>>    2016: The Israeli military partly reopens the closed area in H2. Israeli settlers changes the names of streets from Palestinian Arabic names to Israeli Hebrew names.

>>    2019: Israel expels official observer group TIPH from Hebron after the organization's confidential twentieth anniversary report cites more than 40,000 in the city and finds that Israel commits routine violations of international law.

>>    2021-22: Human Rights Watch, B'Tselem, and Amnesty International publish reports finding that Israel commits the crime of apartheid against the Palestinian people.

>>    2022-23: Israel's new government steps into power, appointing Israeli settlers from Hebron in key ministerial positions.



Timeline of Nonviolent Resistance in Hebron


>>    2003: The Israeli army shuts down Hebron Polytechnic University until a group of students led by Issa Amro successfully campaigns to have it reopened.

>>    2006: Palestinian activists led by Issa Amro successfully campaigns to return a house into Palestinian possession, located directly next to an Israeli army base. The house becomes an community center for nonviolent resistance.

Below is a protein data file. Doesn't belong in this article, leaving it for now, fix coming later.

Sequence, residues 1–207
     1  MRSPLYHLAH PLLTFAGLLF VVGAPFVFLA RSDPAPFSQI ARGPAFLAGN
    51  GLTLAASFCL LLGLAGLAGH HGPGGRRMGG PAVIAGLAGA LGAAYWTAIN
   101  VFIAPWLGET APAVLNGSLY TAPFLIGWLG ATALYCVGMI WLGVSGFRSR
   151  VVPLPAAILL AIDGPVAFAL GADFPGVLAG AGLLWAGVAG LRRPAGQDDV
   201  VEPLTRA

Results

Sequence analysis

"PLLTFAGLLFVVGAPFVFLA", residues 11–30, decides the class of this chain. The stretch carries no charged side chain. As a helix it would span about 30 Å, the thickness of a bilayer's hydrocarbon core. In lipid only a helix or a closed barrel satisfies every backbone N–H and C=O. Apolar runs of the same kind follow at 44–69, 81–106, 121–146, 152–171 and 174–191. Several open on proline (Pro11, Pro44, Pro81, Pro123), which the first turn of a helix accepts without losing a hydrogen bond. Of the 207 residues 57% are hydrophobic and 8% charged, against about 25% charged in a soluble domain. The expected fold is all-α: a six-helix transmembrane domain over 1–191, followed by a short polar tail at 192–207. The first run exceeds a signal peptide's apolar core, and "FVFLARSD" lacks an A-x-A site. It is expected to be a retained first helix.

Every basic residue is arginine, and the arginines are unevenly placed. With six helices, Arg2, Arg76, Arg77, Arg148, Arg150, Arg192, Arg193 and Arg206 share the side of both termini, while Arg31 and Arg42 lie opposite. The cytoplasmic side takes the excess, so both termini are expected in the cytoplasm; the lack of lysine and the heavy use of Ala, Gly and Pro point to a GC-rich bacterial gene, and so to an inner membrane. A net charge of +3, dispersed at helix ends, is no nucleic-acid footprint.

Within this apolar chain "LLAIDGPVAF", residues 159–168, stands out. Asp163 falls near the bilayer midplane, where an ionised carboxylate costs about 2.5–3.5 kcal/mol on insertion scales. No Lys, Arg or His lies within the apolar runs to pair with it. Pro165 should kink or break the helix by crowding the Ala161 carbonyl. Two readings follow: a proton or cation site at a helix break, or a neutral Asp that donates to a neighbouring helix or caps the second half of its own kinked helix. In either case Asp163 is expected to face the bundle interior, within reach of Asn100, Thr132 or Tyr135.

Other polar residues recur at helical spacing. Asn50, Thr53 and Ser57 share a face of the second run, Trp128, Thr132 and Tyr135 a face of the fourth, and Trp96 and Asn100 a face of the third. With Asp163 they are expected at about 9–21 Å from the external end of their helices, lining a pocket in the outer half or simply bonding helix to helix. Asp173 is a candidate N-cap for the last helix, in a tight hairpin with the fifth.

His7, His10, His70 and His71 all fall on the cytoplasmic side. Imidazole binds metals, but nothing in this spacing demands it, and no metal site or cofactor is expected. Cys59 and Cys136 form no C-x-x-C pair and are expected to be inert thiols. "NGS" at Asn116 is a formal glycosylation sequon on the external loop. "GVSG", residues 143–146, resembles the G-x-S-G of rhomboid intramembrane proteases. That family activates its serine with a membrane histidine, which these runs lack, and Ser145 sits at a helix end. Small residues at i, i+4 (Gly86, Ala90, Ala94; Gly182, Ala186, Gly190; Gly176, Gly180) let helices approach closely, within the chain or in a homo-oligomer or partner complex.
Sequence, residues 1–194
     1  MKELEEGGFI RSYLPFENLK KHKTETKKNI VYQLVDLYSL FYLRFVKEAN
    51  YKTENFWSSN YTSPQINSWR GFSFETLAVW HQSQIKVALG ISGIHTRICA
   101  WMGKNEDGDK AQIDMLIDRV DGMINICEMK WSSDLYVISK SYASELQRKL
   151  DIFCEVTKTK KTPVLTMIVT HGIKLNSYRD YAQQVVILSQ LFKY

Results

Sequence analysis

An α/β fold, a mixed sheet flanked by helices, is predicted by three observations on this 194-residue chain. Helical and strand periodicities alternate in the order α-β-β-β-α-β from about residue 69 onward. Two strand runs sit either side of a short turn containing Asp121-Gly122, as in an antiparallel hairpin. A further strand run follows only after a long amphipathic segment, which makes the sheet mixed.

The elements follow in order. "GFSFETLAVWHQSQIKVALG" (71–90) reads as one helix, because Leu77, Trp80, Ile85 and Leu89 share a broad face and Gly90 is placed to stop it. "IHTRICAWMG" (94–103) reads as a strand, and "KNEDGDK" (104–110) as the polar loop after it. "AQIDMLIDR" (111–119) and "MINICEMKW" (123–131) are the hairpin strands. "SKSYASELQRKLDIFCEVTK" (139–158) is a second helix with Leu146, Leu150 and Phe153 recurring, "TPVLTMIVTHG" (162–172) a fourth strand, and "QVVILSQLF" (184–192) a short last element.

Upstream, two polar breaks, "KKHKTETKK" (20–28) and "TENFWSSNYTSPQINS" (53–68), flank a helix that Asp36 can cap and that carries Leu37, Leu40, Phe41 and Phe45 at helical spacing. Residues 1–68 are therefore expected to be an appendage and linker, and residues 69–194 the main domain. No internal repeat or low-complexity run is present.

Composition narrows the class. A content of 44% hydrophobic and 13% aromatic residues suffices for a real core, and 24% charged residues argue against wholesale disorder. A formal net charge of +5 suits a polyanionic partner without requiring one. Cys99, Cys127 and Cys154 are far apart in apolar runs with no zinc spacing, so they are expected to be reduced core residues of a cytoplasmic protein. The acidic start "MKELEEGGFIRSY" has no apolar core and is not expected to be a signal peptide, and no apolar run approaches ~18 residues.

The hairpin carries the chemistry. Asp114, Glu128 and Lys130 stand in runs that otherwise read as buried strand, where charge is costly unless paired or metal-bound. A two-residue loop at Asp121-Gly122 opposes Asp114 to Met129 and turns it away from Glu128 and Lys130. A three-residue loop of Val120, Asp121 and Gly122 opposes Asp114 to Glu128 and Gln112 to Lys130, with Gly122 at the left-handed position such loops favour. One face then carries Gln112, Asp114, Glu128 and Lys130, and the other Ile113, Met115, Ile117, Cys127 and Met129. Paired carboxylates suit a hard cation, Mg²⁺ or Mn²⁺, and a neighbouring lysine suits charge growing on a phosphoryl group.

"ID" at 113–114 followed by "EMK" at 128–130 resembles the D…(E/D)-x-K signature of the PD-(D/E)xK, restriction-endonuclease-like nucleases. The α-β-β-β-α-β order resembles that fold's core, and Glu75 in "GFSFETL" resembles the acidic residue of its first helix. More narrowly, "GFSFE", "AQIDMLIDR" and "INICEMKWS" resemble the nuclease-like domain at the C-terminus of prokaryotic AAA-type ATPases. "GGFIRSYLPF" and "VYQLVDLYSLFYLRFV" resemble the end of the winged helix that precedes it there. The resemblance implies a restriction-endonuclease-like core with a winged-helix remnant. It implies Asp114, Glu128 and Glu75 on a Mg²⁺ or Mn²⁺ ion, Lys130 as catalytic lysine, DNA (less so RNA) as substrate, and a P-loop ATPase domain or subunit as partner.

>>    2007-2008: Youth Against Settlements is established.

>>    2009: Issa Amro wins the One World Media award for coordinating B'Tselem's camera distribution project in Hebron.

>>    2010: The United Nations declare Issa Amro Human Rights Defender of the Year in Palestine.

>>    2013: UN Special Rapporteurs express concern over Issa Amro's wellbeing and safety.

>>    2015: Youth Against Settlements document beatings and killings of Palestinians, and the Israeli military force closed the group's activity center by including it in the closed military area in H2.

>>    2016: Youth Against Settlements campaigns to reopen the center and closed military zone, succeeding in lifting certain restrictions. Issa Amro is indicted on 18 military charges related to his nonviolence activities.

>>    2017: Working for Peace and Justice is established. The trial of Issa Amro officially begins, U.S. senators and congress members urge Israel to reconsider the charges against him.

>>    2019: Palestinian activists establish observer group to counteract the expulsion of TIPH from the city.

>>    2021: Issa Amro is convicted on six military charges related to his peaceful community work.